"Your child?" he said. "My girl-my poor, poor girl!" and he drew her into his arms.

She did not try to move, but lay upon his breast.

"It died," she said, weeping, "perhaps through its mother's angry sin―it did not live a day."

He held her close, weeping himself as he caressed her.

"I have searched for you every hour of my life since I came home that day and found that you had gone," he said. "And at last it was Janet Ayres who made her way to the old place and told me where you were. She did not know that you had gone away believing a lie; she fancied your anger was all roused by hearing the truth; but something you had done for her had touched her heart. I knew now

what that something was, and she told me that I could find you here. Phillis, must I go or stay?"

She clung to him, trembling all over. "Take me home," she answered. "Let "Let us take her child, and try to make its life all

its mother's might have been. She gave her life for mine-let me give mine to this little one. And if thou canst forgive me, Will, the time may come when I can forgive myself."


IN that old summer can you still recall

The pomp with which the strong sun rose and set,
How bright the moon shone on the shining fields,
What wild, sweet blossoms with the dew were wet?

Can you still hear the merry robins sing,

And see the brave red lilies gleam and glow,
The waiting wealth of bloom, the reckless bees

That woo their wild-flower loves, and sting, and go?

Canst hear the waves that round the happy shore
Broke in soft joy, and told delusive tales-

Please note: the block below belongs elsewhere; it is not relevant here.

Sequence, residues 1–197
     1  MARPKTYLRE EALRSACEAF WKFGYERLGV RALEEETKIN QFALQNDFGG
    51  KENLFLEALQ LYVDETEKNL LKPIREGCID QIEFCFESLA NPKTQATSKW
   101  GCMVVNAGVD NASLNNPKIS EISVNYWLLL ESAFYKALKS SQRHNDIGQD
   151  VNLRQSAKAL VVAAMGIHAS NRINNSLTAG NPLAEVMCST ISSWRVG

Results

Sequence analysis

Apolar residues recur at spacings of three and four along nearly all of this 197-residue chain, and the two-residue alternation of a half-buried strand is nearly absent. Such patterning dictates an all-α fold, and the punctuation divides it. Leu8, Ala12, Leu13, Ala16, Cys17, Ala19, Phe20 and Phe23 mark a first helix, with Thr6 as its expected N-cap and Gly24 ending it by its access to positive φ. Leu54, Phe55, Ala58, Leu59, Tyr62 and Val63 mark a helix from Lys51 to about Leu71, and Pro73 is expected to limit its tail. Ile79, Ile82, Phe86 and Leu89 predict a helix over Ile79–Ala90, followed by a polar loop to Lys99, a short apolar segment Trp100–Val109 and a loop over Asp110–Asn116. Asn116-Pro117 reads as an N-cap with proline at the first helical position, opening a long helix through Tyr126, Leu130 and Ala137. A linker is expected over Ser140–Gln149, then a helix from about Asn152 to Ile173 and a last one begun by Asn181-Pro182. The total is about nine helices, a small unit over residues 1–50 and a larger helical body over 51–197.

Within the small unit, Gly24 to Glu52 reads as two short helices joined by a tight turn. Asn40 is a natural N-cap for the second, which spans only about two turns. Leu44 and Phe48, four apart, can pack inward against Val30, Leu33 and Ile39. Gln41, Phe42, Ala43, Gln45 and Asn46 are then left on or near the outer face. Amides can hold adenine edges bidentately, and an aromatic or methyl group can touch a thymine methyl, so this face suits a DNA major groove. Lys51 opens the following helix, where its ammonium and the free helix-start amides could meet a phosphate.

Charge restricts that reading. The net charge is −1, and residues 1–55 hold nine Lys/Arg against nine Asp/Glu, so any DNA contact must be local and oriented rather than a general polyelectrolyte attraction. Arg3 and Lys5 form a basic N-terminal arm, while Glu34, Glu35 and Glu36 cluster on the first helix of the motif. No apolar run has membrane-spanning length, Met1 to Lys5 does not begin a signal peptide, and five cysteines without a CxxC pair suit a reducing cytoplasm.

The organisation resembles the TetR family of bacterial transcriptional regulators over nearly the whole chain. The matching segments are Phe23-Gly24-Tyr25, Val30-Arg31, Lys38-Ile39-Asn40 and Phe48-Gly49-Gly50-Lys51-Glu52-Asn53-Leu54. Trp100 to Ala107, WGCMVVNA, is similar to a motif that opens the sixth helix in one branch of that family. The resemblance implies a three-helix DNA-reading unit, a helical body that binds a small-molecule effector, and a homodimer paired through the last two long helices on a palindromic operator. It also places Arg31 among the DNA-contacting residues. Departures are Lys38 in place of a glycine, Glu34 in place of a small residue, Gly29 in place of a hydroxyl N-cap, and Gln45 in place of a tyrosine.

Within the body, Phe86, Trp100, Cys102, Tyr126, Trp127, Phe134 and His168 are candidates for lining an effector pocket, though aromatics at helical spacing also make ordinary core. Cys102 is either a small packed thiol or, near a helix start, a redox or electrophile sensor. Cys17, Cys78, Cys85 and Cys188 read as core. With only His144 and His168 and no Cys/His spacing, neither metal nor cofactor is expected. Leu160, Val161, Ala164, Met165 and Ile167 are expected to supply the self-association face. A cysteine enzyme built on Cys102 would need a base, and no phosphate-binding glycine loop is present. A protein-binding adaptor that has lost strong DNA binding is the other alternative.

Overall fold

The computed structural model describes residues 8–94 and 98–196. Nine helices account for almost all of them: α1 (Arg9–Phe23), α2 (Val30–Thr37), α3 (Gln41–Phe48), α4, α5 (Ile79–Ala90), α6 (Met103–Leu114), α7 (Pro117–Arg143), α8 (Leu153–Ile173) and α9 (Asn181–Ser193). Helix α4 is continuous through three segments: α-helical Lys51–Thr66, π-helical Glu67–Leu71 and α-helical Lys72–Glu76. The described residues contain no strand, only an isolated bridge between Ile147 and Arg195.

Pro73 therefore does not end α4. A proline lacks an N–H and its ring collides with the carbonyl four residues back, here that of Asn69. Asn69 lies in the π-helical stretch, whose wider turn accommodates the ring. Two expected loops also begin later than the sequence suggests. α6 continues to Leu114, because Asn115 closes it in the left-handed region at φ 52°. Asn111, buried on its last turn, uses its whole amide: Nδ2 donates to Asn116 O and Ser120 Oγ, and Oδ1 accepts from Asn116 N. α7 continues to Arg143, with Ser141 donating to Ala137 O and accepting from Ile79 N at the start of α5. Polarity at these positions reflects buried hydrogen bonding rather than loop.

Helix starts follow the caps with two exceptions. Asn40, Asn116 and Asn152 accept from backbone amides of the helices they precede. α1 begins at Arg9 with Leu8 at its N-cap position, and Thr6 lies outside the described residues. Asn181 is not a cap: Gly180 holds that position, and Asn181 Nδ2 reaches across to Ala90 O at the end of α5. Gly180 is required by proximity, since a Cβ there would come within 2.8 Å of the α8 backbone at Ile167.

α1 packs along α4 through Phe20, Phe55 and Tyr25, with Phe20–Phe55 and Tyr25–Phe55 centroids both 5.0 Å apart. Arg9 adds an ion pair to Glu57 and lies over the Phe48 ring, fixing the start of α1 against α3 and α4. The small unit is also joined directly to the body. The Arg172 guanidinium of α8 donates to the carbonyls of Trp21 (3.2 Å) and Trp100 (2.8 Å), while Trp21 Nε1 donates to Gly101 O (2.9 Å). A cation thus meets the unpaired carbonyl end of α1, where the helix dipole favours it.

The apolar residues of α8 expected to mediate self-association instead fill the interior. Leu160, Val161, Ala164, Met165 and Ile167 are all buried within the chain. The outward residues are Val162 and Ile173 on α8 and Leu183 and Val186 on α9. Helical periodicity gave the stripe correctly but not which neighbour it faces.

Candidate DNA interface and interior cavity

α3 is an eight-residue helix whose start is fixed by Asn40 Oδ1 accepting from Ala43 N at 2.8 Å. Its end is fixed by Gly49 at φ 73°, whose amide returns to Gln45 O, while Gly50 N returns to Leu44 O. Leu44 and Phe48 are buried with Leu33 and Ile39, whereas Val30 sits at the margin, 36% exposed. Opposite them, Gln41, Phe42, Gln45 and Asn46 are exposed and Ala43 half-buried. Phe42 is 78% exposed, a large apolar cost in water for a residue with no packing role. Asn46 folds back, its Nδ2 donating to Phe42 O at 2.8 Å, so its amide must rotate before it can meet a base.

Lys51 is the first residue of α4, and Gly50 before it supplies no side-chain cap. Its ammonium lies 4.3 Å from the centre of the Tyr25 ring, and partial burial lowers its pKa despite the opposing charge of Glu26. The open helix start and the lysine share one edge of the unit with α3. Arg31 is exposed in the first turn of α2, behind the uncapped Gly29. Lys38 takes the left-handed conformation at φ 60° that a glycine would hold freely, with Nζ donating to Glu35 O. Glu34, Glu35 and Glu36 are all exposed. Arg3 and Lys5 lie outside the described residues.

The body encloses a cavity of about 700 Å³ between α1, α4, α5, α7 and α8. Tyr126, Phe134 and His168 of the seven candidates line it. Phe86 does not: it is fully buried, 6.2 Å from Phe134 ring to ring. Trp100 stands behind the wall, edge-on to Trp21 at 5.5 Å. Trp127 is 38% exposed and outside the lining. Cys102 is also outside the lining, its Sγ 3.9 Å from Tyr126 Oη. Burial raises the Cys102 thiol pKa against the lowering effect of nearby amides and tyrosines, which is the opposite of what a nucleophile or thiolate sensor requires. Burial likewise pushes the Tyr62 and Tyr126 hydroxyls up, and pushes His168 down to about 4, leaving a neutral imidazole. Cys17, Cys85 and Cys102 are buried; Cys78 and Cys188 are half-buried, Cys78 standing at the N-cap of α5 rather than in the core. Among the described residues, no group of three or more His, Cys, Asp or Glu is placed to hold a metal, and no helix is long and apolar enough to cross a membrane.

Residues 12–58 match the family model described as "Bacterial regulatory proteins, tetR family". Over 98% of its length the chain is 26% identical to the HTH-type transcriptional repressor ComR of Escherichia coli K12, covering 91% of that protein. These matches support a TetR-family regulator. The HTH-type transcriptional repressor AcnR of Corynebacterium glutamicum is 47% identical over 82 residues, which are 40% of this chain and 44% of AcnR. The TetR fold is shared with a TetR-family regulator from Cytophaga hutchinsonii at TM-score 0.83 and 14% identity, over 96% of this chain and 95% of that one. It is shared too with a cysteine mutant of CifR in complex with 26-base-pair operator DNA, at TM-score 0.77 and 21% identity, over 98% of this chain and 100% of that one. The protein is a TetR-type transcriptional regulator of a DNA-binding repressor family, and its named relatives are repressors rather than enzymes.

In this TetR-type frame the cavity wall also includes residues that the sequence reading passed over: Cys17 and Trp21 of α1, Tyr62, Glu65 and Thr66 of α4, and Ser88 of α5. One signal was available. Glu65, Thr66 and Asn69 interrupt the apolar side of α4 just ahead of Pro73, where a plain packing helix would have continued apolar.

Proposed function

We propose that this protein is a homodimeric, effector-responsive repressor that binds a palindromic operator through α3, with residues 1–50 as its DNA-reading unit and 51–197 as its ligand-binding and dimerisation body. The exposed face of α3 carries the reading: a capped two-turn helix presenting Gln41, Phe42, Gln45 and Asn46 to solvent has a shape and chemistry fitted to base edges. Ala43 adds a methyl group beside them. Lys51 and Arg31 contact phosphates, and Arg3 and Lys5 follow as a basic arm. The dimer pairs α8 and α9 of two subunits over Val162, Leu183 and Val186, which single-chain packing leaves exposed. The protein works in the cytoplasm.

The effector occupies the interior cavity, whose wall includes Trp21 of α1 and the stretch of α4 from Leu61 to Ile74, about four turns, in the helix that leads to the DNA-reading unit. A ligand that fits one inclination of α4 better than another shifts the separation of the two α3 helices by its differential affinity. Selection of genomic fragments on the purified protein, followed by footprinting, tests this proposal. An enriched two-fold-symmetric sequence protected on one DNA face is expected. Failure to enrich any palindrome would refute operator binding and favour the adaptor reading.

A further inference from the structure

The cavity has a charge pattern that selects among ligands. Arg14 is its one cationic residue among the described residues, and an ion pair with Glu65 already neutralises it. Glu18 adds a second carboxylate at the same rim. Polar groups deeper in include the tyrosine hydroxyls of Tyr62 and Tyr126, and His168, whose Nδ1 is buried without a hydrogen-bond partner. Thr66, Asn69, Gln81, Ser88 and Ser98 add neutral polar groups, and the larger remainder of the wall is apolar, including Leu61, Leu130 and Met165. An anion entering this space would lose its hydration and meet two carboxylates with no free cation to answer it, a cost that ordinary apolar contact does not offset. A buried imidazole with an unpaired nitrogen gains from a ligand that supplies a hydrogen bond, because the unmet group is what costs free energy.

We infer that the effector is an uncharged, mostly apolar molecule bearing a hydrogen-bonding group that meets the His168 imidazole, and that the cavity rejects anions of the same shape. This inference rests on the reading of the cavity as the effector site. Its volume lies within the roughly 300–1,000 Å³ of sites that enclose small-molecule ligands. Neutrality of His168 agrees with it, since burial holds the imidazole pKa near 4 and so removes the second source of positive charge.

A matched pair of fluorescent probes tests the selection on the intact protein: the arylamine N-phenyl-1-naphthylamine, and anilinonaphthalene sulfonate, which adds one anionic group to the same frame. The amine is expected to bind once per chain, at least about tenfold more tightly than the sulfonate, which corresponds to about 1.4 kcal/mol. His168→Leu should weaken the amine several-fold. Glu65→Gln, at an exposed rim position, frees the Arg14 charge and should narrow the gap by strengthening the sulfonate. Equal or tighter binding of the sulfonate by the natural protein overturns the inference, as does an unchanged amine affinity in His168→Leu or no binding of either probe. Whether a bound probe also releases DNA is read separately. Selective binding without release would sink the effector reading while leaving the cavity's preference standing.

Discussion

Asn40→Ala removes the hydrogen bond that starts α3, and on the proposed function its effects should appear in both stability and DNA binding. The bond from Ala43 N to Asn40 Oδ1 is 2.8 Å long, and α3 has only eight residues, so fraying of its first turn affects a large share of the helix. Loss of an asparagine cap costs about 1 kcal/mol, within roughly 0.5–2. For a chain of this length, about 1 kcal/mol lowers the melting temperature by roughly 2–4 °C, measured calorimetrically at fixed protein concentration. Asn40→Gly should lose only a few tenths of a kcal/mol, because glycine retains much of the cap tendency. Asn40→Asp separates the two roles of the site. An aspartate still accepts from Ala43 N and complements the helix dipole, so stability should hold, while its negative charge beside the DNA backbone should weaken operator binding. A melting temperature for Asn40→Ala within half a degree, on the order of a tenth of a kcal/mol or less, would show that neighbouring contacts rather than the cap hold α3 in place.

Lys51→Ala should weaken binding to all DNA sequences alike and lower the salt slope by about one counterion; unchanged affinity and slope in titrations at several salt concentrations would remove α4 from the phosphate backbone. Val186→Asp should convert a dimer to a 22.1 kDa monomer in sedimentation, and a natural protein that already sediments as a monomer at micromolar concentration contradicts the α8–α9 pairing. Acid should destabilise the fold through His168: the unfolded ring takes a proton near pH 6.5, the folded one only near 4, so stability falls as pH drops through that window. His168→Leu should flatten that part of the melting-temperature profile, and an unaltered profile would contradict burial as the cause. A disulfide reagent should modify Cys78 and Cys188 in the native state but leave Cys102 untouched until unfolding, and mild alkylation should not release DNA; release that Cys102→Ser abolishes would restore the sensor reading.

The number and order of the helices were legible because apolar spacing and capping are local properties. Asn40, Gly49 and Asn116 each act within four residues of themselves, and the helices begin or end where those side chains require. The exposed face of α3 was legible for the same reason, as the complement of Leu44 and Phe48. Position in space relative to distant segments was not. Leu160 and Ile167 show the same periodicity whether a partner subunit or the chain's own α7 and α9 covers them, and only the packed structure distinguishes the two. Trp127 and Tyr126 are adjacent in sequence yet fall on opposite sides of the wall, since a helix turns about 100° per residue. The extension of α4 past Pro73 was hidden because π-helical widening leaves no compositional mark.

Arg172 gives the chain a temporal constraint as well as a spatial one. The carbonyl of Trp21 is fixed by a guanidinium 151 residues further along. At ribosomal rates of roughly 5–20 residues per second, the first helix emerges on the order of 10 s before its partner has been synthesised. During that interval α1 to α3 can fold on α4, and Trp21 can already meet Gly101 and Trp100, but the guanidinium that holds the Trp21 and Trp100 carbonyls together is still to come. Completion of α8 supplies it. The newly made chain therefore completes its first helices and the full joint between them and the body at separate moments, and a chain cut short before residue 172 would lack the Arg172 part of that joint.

We go, but we return; love comes and goes;
And eyes that watch see homeward-faring sails.
"'Twas thus in other seasons?" Ah, may be !
But I forgot them, and remembered this-
A brief, warm season, and a fond, brief love,

And cold, white winter after bloom and bliss.



IN the course of a life devoted to such commercial pursuits as gave me an acquaintance with many lands and men, it was my lot to see, in a way that no one else has probably had the chance to see, that littleknown corner of South-eastern Asia called Cambodia. Travelers come, but they cannot penetrate palace walls; they publish the records of their journeys, but the jealous Oriental, or the interested foreigner laughs in his sleeve at the story of veneering which the author took for true wood; only the unusual position in which I was placed, as chief of the legal opium agency in the country, allowed me to

gain an insight into the realities of Cambodia.

It is not generally known that a sort of protectorate is exercised by France, through the Governor of French Cochin-China, over this marvelously rich land-a protectorate which, at no very distant day, may have an important political result. That I, forming with the King a third power, should come into conflict with its representative was unfortunately, as things stood, unavoidable; but the alluring riches of the agency or "farm" were the means of giving me some interesting, though dreadful, experiences with the pirates, whose ferocity